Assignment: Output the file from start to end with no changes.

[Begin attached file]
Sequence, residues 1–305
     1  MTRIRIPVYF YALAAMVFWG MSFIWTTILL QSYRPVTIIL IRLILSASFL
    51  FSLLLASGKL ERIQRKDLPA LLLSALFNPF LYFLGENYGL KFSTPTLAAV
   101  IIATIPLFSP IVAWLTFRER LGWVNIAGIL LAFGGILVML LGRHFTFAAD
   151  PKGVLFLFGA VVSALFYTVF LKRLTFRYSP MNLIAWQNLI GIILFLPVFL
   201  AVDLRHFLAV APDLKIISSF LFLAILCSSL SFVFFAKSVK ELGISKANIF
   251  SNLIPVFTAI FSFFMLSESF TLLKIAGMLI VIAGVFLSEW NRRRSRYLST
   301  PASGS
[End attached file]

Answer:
Sequence, residues 1–305
     1  MTRIRIPVYF YALAAMVFWG MSFIWTTILL QSYRPVTIIL IRLILSASFL
    51  FSLLLASGKL ERIQRKDLPA LLLSALFNPF LYFLGENYGL KFSTPTLAAV
   101  IIATIPLFSP IVAWLTFRER LGWVNIAGIL LAFGGILVML LGRHFTFAAD
   151  PKGVLFLFGA VVSALFYTVF LKRLTFRYSP MNLIAWQNLI GIILFLPVFL
   201  AVDLRHFLAV APDLKIISSF LFLAILCSSL SFVFFAKSVK ELGISKANIF
   251  SNLIPVFTAI FSFFMLSESF TLLKIAGMLI VIAGVFLSEW NRRRSRYLST
   301  PASGS